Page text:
For the past decade the Bay Area half-hour, hip-hop TV show Distortion 2 Static (D2S) has been diligently covering the wide world of hip-hop with an emphasis on both homegrown and national hip-hop, from each element of the genre and providing viewers with a steady stream of talent. Additionally, as its website states, it "offers an intimate perspective into a progressive Hip Hop culture by highlighting the current events within the community and profiling those who are committed to advancing its art forms. The D2S brand also extends itself into fashion, music, and nightlife entertainment." But this week, after one long decade, D2S will call it quits (ten years is "the perfect time to move on" they say) and rather than mourn will celebrate the departure of the show that began in 2001 with a big party on Friday night (Black Friday 11/25) at club Mighty, 199 Utah Street in San Francisco in a farewell party that they are dubbing All Black Everything: Celebrating 10 Years of D2S. that will include sets by DJ Neil Armstrong.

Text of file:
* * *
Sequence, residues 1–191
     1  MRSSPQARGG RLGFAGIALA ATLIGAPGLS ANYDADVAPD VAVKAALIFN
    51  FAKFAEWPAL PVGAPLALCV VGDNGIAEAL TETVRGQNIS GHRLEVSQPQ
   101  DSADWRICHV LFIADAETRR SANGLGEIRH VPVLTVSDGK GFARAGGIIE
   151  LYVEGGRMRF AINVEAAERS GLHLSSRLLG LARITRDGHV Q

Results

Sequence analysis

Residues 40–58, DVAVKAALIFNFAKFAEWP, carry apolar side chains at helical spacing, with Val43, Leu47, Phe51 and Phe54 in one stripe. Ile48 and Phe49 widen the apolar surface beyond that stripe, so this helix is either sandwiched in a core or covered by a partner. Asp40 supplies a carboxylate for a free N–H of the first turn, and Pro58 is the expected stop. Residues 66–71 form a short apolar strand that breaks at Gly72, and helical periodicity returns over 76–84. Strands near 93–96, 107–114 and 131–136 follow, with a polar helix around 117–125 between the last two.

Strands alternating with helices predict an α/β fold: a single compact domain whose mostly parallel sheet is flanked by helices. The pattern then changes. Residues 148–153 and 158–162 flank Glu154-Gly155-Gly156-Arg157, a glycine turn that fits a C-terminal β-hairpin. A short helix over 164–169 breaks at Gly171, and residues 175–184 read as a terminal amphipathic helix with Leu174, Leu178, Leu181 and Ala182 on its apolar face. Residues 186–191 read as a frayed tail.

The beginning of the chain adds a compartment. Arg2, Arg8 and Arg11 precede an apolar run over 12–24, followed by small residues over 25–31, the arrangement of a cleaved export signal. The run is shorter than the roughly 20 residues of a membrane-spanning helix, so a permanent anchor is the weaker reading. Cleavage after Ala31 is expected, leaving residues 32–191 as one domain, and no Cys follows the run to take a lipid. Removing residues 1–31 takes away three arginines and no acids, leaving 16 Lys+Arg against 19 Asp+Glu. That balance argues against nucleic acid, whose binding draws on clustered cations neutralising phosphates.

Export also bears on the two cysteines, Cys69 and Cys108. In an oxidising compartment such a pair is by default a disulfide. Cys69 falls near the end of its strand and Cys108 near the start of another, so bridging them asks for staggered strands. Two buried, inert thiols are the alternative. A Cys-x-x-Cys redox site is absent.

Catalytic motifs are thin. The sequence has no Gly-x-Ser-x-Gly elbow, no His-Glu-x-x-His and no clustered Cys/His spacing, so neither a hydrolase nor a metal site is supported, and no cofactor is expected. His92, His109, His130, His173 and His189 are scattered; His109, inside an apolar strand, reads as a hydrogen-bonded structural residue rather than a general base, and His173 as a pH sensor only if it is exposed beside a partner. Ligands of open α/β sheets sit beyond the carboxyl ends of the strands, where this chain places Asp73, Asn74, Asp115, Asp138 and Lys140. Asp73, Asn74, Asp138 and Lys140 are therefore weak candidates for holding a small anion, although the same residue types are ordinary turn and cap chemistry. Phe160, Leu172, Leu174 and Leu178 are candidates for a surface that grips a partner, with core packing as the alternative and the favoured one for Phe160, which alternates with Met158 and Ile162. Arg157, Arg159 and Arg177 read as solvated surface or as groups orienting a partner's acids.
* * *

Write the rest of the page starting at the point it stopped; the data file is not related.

What I personally liked about D2S, which aired on the WB channel in SF, whenever I caught it, (and I watched it mainly in the first half of its decade run on TV and online in clips for the second half of its run) was its genuine love of hip-hop culture in all its elements from graffiti to b-boying and DJing and rapping: and how it lovingly covered so many areas from classic underground 1990's hip-hop videos to (then) new hyphy artists - and amazingly managed to squeeze it all into a half hour show with commercial breaks. The impressive list of artists who appeared on the show is so long that it might be easier to list those who did not grace the screen of D2S. Even more impressive to me was how, despite its budget restrictions, the hard working folks behind D2S did a super slick job on editing and graphics etc. etc. I have talked to many other fans of the show over the years who similarly thought highly of its commitment to hip-hop's legacy with many comparing it to Yo! MTV Raps back in its early days. Clearly the show was a labor of love with its makers going out of their way to make a quality show for little or no profit.